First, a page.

Tuesday

16th Aug 2022

EU-based credit rating agency buried

  • Irish bank - the idea was to break the US agencies' monopoly on ratings (Photo: Fergus Ray Murray)

Plans to launch an independent European credit agency have fallen apart after it failed to generate enough interest in the business world.

After three years of efforts, its co-founder renounced the plans in an interview with the German daily Handelsblatt on Tuesday (30 April).

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“There were not enough investors,” Markus Krull, a former senior partner in the German-based consultancy firm Roland Berger, told the daily in an interview.

Berger, as a partner, planned to help launch the enterprise by seeking out 30 investors to create a foundation with some €300 million in start-up capital.

Krull envisioned an agency that would compete with the US-based equivalent Standard & Poor’s, Moody’s and Fitch.

All three US-based agencies work on a for-profit basis that Krull wanted to challenge with an agency based on a foundation model.

Investors, borrowers, and public administrations use the agency reports to help make investment and financial decisions.

The US-based agencies dominate 95 percent of the market.

All three have come under considerable criticism for how they have rated a number of sovereign states since the start of the financial crisis in 2008.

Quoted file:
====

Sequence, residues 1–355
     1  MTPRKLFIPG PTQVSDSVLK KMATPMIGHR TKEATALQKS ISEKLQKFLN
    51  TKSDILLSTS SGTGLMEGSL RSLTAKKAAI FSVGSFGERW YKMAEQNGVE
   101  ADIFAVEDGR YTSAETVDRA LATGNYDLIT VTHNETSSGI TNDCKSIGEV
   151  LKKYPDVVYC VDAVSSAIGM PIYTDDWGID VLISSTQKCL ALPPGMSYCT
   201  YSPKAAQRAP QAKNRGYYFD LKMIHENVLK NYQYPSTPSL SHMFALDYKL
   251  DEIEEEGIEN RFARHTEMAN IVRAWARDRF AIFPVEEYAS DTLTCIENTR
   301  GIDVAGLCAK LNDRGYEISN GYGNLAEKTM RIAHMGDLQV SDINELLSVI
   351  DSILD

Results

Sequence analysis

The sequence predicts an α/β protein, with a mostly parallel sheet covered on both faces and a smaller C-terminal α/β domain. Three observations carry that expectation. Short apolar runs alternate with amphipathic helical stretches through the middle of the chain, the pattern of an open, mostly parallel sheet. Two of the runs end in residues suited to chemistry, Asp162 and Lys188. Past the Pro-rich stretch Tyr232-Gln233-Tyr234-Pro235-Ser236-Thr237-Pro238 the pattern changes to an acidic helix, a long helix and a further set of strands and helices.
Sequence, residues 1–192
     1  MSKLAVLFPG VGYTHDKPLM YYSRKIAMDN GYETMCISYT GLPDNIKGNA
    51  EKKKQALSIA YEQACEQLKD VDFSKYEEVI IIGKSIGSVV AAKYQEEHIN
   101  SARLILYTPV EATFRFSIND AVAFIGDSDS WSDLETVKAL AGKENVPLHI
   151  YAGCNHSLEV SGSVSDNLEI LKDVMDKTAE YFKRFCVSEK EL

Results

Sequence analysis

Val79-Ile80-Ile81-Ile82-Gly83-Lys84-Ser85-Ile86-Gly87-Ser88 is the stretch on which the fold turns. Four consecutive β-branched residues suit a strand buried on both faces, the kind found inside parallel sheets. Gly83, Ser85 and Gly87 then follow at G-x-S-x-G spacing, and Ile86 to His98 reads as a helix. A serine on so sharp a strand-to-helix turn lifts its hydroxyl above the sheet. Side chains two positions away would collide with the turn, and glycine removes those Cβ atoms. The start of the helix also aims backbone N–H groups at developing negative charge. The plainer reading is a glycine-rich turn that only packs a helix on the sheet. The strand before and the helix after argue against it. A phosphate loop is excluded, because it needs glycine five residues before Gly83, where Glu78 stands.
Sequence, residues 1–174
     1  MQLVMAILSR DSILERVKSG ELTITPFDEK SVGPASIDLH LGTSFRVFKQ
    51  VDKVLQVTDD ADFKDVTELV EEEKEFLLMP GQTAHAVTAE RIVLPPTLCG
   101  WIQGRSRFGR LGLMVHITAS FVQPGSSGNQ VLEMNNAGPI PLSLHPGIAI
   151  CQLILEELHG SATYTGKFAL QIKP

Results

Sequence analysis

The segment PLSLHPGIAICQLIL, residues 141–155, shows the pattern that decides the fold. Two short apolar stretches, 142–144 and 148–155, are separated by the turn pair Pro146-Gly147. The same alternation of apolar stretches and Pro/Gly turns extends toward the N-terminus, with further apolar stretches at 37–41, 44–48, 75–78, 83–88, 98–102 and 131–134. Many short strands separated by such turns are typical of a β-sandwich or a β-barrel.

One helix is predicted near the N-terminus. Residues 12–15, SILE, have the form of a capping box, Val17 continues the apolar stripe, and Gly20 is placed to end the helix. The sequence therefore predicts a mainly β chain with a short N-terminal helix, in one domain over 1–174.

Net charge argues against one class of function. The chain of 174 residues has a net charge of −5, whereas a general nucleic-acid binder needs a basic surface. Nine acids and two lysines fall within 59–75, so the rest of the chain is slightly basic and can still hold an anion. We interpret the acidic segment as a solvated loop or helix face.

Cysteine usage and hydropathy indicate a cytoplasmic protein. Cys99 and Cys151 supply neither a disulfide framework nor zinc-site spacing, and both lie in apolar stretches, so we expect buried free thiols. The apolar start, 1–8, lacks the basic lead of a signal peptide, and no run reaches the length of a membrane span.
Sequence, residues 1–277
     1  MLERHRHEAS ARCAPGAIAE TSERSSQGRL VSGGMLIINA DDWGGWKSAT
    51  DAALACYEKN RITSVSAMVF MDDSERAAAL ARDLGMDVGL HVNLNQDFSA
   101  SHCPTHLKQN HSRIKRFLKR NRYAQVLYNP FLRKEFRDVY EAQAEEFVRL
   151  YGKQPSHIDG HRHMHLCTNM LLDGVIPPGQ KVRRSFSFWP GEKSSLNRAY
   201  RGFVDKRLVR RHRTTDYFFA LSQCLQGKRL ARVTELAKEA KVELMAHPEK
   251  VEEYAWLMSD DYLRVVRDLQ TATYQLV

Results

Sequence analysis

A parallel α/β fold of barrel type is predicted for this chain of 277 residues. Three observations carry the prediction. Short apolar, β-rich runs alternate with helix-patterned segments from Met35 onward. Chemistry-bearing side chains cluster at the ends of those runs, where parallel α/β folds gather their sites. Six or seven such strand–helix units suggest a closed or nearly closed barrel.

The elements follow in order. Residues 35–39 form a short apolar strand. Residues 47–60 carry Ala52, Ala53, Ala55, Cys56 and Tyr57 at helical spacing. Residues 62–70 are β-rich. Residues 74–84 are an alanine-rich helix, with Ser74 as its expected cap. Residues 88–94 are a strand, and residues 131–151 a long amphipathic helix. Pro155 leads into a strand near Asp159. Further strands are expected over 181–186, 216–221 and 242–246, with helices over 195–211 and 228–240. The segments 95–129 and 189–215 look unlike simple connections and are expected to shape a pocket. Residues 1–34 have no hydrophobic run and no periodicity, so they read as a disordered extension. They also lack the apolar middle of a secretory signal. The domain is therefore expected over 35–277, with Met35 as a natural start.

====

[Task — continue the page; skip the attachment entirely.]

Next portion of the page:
Standard & Poor’s and Moody’s settled lawsuits with Abu Dhabi Commercial Bank and King County, Washington, over the weekend and agreed to pay out claims that they defrauded investors just before the US housing crisis, reports the Financial Times.

Standard & Poor’s says the settlement is not an admission of guilt.

The US justice department is also suing Standard & Poor’s for $5 billion for allegedly handing out top credit ratings on subprime mortgage vehicles for large fees despite knowing their inherit dangers.

In January this year, the European Parliament voted through new rules on when and how credit rating agencies may rate state debts and the financial health of private companies.

The new rules will allow private investors to sue the agencies for negligence. It also places a cap on an agency’s shareholdings in the firms it rates.

“The new rules will contribute to increased competition in the rating industry dominated by a few market players,” said EU internal market commissioner Michel Barnier following the parliament vote.

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